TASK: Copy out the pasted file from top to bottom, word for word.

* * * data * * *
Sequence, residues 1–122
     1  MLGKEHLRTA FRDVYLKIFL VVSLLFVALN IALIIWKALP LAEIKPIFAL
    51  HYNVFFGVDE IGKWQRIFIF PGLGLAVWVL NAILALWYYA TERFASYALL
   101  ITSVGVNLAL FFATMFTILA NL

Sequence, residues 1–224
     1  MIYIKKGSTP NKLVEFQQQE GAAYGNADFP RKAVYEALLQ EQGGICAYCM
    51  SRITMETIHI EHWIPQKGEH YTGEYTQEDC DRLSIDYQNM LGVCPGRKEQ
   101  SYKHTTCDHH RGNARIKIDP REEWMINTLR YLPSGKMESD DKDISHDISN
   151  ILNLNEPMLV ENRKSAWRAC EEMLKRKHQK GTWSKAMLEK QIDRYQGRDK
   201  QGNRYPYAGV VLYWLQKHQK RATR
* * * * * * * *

Sequence, residues 1–122
     1  MLGKEHLRTA FRDVYLKIFL VVSLLFVALN IALIIWKALP LAEIKPIFAL
    51  HYNVFFGVDE IGKWQRIFIF PGLGLAVWVL NAILALWYYA TERFASYALL
   101  ITSVGVNLAL FFATMFTILA NL

Sequence, residues 1–224
     1  MIYIKKGSTP NKLVEFQQQE GAAYGNADFP RKAVYEALLQ EQGGICAYCM
    51  SRITMETIHI EHWIPQKGEH YTGEYTQEDC DRLSIDYQNM LGVCPGRKEQ
   101  SYKHTTCDHH RGNARIKIDP REEWMINTLR YLPSGKMESD DKDISHDISN
   151  ILNLNEPMLV ENRKSAWRAC EEMLKRKHQK GTWSKAMLEK QIDRYQGRDK
   201  QGNRYPYAGV VLYWLQKHQK RATR